Posted on | March 15, 2013 | No Comments
By Jim Boyce
Shandong, Ningxia, Xinjiang, Hebei, Yunnan. A short list of spots where people are pinning their hopes for the future of China’s wine industry. For his part, Mihalis Boutaris — a fifth-generation wine maker who has practiced his craft in France, Chile and at his family’s Kir-Yianni Estates in Greece — says he has found a sweet spot in Gansu province in north-central China. Boutaris, who graduated from University of California at Davis with a Master of Science in Horticulture, talked about that and other projects.
You have been making wine in Gansu for a few years now. What projects are you working on?
I have two projects.
The first is the establishment of my vineyard in Tianshui. We have reached 200 mu (~13 hectares) and we’re planning to establish a vine nursery next year to control the plant material for the future expansion.
Second, to develop a new wine produced in an estate inside the Gobi desert near the border of Ningxia and Gansu, near Jinchang. We’re also working together on an exciting solar energy project there, which happens to be another field where I happen to have some expertise.
How does the area of Gansu you are working in now differ from elsewhere in the region or in China?
In Tianshui, there is less rain in the summer than most areas east of Tianshui and it’s less cold than most areas north of Tianshui. This “sweet spot” makes Tianshui a quite promising place to grow premium wine grapes in China.
In Jinchang, inside the Gobi Farm, the weather conditions are pretty much similar to the wine region in Ningxia. The key difference is that the vineyards are controlled by the winery much more than in any other place. It’s a small oasis with nothing but desert around it for dozens or hundreds of kilometers in all directions. Although the place is not what I would call ideal, it is optimal for China in many ways. Not only is August and September rain much rarer than even in Ningxia, which experienced such rain last year, but also there is a better chance of guiding and controlling local farmers to adopt more quality-oriented viticultural practices.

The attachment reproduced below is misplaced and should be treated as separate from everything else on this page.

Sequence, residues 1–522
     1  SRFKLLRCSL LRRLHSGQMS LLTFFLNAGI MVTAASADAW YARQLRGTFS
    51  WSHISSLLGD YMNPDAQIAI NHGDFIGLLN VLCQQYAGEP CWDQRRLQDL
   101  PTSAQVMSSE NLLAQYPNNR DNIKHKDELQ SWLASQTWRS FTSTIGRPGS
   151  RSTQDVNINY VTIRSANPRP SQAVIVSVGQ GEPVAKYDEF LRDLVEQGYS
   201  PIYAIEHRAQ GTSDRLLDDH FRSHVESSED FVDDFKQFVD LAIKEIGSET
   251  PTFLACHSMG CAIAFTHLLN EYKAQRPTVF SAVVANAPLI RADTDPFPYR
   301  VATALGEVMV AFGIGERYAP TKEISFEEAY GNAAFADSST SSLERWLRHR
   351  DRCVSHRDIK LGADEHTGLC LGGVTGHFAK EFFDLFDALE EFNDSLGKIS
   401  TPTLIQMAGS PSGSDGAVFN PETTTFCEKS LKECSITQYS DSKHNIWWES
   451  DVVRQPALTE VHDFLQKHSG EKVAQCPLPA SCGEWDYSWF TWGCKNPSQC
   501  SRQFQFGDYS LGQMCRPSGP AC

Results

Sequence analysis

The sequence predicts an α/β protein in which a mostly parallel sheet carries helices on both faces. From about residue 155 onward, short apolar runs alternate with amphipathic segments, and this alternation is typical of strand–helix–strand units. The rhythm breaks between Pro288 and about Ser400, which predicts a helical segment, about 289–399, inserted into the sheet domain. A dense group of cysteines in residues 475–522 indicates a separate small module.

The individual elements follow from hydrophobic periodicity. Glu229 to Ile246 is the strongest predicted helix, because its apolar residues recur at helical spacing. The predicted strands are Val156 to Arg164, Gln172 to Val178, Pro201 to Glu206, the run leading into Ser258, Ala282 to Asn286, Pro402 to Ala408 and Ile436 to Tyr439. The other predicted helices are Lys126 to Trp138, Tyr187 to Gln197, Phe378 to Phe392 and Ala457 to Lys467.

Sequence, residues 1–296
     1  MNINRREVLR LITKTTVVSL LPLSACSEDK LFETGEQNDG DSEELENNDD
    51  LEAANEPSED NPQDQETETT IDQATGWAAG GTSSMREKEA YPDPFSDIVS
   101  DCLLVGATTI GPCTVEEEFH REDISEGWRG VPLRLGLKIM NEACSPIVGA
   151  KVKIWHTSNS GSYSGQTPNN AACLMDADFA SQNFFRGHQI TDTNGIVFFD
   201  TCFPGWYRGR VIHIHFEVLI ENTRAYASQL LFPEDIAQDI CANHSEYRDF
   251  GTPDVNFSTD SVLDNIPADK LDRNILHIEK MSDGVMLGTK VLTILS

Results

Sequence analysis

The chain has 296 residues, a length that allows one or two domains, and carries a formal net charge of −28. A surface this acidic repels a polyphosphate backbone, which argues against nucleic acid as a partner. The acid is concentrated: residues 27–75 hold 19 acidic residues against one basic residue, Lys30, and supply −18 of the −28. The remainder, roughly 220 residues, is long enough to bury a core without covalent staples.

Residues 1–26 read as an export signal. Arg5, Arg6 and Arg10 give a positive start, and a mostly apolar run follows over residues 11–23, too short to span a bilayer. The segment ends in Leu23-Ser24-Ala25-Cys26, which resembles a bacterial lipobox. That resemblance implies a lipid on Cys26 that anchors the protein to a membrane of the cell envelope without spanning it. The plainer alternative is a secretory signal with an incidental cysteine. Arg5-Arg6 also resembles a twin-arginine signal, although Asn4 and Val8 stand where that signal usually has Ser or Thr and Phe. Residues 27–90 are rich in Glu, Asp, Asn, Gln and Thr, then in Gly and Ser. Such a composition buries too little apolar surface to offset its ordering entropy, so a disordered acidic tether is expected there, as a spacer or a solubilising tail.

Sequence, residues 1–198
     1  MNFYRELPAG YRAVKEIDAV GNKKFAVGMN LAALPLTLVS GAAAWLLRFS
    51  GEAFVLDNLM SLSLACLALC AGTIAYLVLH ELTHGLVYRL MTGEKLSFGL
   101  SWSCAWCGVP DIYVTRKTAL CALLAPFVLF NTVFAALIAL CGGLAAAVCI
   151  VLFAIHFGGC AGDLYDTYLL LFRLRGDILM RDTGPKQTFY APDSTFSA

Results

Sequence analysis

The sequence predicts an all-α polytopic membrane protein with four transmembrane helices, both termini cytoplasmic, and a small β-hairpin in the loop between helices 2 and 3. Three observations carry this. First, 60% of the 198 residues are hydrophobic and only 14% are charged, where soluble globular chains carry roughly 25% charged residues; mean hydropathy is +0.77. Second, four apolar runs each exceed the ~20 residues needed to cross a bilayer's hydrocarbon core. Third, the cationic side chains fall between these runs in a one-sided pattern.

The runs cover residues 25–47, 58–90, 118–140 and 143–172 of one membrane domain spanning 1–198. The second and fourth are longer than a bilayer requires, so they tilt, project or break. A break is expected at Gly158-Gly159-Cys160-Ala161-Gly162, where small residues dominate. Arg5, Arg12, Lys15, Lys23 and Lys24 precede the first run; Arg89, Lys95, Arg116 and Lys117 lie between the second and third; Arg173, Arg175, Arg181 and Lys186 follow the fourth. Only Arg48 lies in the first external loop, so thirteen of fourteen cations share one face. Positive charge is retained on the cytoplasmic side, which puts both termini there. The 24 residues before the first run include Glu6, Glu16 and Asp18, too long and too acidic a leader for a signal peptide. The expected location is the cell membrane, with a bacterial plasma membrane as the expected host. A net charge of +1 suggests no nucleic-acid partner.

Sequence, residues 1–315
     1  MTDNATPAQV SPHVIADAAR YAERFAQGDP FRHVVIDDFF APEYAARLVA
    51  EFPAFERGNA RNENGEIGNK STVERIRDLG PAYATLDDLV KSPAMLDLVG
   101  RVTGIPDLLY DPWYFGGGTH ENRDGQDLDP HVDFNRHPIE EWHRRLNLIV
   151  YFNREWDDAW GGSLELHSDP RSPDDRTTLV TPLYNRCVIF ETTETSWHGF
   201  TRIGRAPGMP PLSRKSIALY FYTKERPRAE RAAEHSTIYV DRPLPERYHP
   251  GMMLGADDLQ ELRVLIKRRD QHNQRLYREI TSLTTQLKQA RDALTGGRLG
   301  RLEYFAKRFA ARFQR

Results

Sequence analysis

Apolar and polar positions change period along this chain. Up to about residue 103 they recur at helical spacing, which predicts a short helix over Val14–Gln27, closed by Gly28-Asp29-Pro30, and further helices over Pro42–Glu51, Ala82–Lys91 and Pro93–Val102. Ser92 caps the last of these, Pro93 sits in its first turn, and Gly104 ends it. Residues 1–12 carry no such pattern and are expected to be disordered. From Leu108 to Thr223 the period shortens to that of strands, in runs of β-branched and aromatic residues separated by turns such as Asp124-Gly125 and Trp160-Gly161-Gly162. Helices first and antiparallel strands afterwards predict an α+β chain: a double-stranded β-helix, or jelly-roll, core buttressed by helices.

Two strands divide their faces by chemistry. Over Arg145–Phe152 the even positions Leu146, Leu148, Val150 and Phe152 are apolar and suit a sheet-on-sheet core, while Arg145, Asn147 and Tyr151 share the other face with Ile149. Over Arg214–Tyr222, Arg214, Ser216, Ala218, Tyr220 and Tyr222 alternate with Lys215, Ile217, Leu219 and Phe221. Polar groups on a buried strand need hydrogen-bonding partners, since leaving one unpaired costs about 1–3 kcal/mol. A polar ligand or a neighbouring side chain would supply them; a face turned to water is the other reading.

What lessons have you learned from making wine elsewhere that were particularly useful in Gansu?
When you don’t have all the standard equipment and processes in place, you have to figure out practical tricks to apply to the theory. I have a number of interesting stories that I wouldn’t want to publicize yet.
Neighboring Ningxia saw some heavy rain and, in turn, disease this year. How did your area of Gansu make out?
In Tianshui, there was more rain than in Ningxia as expected. The micro climate at our site, with the constant breeze, mitigated the adverse weather. For us it is a bit irrelevant given that we do not yet have grape production — it’s a two-year-old plantation.
In Jinchang, there was no rain at all before harvest. And that made me quite happy I must say. I chose Jinchang to hedge against the rainy years and Tianshui to grow the best grapes of China in the dry years.
You’ve tried many wines in China. What would you rank as the top five in terms of wines made with local grapes?
This is a tricky question. I remember liking some of the top-ranking wines during the Ningxia Wine Challenge: Silver Heights (both labels), Jia Bei Lan and Ningxia Hong.
I also like the new entry-level series with the new labels of Grace Vineyard. They have a much fresher, lighter, more youthful style. I prefer the lighter style than that of the higher end wines.
For the same reason I enjoy a lot of the Sunshine Valley Pinot Noir 2009 we produced with Mogao. That has a “Chinese terroir” expression of Pinot Noir. However, this is not a “ranking” in any way. I am not a wine critic, so this is purely my preference. Biased and personal.
You’ve also started distributing wines. Would you tell us a bit about MB Selections?
Mihalis Boutaris Selections is my recently established eclectic wine agency based in Shanghai and Hong Kong. We import and distribute Greek wines of all quality and price levels, both from my family as well as other winemakers, and focus primarily on supplying specialized distributors of imported wine.